Surviving breast cancer puts things in perspective

Kris Shelley sank into her recliner, fatigued from her first chemotherapy treatment the week before. Already, she could feel her hair dying, becoming dry and brittle like straw. It wouldn’t be long until she shed it completely.

“My biggest fear, my hardest hurdle was the fact that I was going to lose my hair,” Kris recalls thinking at the start of her treatment. “I’d heard that it doesn’t always grow back the same. If you had straight blond hair before, it might grow back dark and curly or red and wavy.”

Luckily for Kris, her annual mammogram had caught a small cancerous mass early enough for her likelihood of recovery to be high.

As she continued the treatment, she found that losing her hair wasn’t such a big deal. “It was not the devastation to me that I thought it would be, at all,” she says now. “Sometimes we get wrapped up in what we do and how we look, but we forget that what’s really important is taking care of yourself and taking care of others.” Getting cancer, she adds, “is humbling and puts [in] perspective that some of the things we think are so important aren’t important.”

An energetic and optimistic person by nature, Kris says that during her walk with cancer she made extra efforts to stay positive, handle her treatment with dignity, and surround herself with positive people, from her friends and family to the knowledgeable team at Scott and White’s High Risk Breast Clinic, to her radiation oncologist at Georgetown Cancer Center.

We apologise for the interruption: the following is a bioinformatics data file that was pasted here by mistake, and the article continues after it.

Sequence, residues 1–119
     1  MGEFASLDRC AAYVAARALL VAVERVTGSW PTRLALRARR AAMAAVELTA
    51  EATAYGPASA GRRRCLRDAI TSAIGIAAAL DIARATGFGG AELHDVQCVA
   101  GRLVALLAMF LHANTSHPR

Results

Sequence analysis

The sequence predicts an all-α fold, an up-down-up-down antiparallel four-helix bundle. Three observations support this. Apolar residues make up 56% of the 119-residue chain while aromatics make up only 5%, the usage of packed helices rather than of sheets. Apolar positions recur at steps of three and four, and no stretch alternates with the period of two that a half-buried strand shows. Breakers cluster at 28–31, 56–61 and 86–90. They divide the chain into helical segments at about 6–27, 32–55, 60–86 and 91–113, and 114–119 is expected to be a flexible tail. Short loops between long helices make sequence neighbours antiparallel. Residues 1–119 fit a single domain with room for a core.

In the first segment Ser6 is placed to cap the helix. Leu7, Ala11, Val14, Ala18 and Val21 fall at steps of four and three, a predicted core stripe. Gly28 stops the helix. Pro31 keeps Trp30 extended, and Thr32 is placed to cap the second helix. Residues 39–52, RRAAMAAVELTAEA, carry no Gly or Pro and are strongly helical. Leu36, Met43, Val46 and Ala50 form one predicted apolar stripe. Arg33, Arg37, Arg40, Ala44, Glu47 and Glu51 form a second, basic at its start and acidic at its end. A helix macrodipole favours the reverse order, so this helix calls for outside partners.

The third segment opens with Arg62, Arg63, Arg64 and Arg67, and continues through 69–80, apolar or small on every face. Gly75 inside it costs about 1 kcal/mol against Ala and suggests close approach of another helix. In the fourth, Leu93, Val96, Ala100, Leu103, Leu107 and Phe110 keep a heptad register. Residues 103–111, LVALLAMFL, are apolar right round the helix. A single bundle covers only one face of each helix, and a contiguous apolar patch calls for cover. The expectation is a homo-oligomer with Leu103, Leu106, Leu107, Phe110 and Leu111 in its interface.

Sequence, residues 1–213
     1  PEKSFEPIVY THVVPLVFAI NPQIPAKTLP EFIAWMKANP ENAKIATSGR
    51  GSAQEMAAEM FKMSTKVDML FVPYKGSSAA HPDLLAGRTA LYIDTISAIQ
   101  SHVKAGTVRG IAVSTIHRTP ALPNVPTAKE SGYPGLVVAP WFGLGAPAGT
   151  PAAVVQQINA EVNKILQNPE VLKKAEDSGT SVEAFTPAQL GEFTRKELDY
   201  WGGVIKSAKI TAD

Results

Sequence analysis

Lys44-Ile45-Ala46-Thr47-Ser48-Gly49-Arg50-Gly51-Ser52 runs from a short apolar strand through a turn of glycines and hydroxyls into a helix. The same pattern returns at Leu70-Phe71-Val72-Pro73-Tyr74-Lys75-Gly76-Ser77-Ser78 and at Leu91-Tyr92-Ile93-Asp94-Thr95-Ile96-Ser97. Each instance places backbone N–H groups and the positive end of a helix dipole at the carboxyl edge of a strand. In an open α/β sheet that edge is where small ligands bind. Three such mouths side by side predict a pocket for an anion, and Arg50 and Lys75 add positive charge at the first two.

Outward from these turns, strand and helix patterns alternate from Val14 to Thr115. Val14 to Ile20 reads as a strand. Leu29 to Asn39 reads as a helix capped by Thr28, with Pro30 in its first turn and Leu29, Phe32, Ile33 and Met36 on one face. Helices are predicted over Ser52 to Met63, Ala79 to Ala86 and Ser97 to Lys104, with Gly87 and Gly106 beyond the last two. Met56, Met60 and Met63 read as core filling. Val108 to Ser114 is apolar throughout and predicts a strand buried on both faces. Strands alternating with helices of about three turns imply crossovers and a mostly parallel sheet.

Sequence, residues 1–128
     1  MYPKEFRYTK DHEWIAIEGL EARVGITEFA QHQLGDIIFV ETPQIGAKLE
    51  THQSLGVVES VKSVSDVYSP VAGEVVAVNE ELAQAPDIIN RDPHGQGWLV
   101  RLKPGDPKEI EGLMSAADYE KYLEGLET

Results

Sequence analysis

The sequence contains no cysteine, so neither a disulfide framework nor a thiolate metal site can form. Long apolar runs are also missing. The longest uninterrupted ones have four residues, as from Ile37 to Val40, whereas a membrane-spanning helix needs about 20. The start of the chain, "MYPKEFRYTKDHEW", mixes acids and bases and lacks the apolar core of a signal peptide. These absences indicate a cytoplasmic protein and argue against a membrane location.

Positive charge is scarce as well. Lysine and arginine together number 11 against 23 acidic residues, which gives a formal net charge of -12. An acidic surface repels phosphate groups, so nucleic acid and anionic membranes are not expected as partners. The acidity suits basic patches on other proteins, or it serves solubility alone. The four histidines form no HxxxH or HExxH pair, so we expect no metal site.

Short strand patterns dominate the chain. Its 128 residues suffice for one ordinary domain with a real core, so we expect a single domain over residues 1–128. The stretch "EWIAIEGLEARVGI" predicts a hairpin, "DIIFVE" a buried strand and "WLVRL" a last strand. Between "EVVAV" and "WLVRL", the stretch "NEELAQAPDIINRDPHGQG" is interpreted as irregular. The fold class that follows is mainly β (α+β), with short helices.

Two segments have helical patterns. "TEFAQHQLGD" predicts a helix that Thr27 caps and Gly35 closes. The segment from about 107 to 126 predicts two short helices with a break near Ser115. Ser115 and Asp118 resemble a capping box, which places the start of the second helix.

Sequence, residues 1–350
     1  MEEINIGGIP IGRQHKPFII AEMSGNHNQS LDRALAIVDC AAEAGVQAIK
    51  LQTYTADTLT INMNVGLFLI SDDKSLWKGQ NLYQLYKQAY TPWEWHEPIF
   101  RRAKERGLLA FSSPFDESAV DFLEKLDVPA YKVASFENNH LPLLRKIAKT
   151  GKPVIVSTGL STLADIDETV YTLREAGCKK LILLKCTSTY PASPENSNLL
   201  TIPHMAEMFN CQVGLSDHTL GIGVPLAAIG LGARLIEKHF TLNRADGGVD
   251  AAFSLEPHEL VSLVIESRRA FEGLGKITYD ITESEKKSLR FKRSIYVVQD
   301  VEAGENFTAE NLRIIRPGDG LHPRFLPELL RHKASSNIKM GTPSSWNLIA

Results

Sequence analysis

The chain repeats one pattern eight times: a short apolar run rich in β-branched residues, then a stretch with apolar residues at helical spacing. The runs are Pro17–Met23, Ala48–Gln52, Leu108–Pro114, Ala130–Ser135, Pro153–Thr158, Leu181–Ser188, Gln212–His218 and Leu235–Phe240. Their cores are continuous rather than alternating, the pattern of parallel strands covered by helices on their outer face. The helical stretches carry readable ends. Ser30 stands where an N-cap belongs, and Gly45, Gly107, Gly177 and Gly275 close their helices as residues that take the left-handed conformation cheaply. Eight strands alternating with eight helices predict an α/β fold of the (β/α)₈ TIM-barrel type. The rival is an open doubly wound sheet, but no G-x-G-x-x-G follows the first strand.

To lighten the mood, for example, Kris had a rotation of three wigs that she wore, depending on how she was feeling. She most often donned “Dee,” a short, casual style, while she wore “Fancy,” a more formal wig, for dressier occasions. Then there was “Sexy Donna,” a wig she named after her neighbor, who helped her pick it out.

“Attitude is ninety percent of everything you do. And we always stayed positive. We never entertained the idea that there was anything we couldn’t get through,” she says.

Kris finished her fourth and final chemo session at the end of May, had her cancer removed in July, and completed radiation treatments in mid-October. Her hair has now grown back to a little over an inch in length, and she’s feeling stronger emotionally and in her faith.

“The experience, for me, was not necessarily one I’d want to do over, but it was definitely a strengthening, a learning, and an enriching experience,” Kris says. “For me, it was a faith walk, because I knew that whatever God put in front of me, we were going to go through together, and I was going to be okay. I had faith that he would take me through that. And he certainly has.”


For more information about Scott and White breast cancer care, visit www.sw.org/cancer-institute/breast/breast-cancer.

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